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Math Help - Help with this proof. Not exactly sure where to start.

  1. #1
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    Help with this proof. Not exactly sure where to start.

    The statement is:

    "For each real number p, there exist real numbers q and r such that qsin(r/5) = p."

    We have to either prove this statement or give a counter-example.

    I've been talking with others in my class and it seems like the first thing we need to do is say:

    "Let p be a real number. Put r = (5/2)(pi)."

    And then I plugged this in for r in the equation, getting q = p.

    Is this correct? If not, what am I doing wrong? Thanks in advance for the help
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  2. #2
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    Quote Originally Posted by Lprdgecko View Post
    The statement is:

    "For each real number p, there exist real numbers q and r such that qsin(r/5) = p."

    We have to either prove this statement or give a counter-example.

    I've been talking with others in my class and it seems like the first thing we need to do is say:

    "Let p be a real number. Put r = (5/2)(pi)."

    And then I plugged this in for r in the equation, getting q = p.

    Is this correct? If not, what am I doing wrong? Thanks in advance for the help
    That is exactly what I would do.

    Additional note: I would start out by writing "Let q = p and r = (5/2)pi. Then...."
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  3. #3
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    Quote Originally Posted by undefined View Post
    That is exactly what I would do.
    So, I am a little confused on what we are trying to prove. Do we need to prove that q = p or are we proving that qsin(r/5) = p?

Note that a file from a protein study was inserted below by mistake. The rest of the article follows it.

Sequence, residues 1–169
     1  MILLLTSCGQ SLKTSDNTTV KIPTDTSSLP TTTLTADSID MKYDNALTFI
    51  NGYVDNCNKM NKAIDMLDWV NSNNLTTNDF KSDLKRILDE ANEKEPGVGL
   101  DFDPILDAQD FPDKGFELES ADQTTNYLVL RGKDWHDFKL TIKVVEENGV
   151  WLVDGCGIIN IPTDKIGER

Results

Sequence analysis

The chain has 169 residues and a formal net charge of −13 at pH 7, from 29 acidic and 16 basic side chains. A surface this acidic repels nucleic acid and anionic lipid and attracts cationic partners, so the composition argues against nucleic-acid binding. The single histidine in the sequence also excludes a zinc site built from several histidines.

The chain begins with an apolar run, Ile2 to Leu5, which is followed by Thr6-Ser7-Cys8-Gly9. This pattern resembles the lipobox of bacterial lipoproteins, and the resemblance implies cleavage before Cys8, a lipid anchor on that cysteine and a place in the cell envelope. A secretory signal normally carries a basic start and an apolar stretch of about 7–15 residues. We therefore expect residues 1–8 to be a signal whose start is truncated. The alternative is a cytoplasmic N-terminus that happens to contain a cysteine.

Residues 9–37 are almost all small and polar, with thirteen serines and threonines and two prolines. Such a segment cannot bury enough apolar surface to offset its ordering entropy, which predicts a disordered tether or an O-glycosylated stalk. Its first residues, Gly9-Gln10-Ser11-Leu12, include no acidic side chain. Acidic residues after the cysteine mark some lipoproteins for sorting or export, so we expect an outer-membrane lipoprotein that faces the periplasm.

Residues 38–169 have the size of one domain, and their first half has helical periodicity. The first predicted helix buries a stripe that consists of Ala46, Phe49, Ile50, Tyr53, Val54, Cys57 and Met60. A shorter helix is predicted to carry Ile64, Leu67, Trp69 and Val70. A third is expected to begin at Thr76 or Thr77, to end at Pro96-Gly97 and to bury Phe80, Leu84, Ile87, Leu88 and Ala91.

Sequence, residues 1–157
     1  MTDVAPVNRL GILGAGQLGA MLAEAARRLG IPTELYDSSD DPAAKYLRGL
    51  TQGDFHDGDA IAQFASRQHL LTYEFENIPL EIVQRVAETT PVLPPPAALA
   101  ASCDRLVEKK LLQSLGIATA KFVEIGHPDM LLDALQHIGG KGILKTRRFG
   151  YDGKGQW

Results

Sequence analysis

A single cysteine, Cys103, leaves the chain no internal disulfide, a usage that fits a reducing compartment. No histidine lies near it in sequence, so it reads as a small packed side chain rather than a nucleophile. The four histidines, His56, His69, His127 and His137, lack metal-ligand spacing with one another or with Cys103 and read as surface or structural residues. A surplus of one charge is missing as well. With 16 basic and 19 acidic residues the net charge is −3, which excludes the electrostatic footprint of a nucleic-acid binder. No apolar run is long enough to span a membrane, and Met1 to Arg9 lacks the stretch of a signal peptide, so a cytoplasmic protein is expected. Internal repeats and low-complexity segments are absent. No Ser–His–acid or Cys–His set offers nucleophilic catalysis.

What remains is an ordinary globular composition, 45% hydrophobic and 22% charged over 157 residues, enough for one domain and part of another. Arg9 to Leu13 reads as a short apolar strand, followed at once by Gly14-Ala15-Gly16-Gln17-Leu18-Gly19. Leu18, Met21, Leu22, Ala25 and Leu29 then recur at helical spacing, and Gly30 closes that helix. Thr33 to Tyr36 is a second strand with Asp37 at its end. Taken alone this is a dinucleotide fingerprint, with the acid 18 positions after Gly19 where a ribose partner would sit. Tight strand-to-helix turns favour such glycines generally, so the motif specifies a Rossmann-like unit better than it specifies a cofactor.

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  4. #4
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    Quote Originally Posted by Lprdgecko View Post
    So, I am a little confused on what we are trying to prove. Do we need to prove that q = p or are we proving that qsin(r/5) = p?
    I added an additional note to my first post, not quickly enough I guess. Let me know if it's still not clear.
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  5. #5
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    Quote Originally Posted by undefined View Post
    I added an additional note to my first post, not quickly enough I guess. Let me know if it's still not clear.
    I see the note now. So, after setting q = p and r = (5/2)pi, then is it as simple as saying "Then, qsin(r/5) = p" or would we have to to actually plug in the values (and show that part in the proof) to prove that fact?
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  6. #6
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    Quote Originally Posted by Lprdgecko View Post
    I see the note now. So, after setting q = p and r = (5/2)pi, then is it as simple as saying "Then, qsin(r/5) = p" or would we have to to actually plug in the values (and show that part in the proof) to prove that fact?
    I would plug in, just for clarity and to demonstrate you understand it all. Hardly takes any extra time.
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  7. #7
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    Quote Originally Posted by undefined View Post
    I would plug in, just for clarity and to demonstrate you understand it all. Hardly takes any extra time.
    Ok, thank you so much!
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  8. #8
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    Quote Originally Posted by Lprdgecko View Post
    Ok, thank you so much!
    You're welcome!
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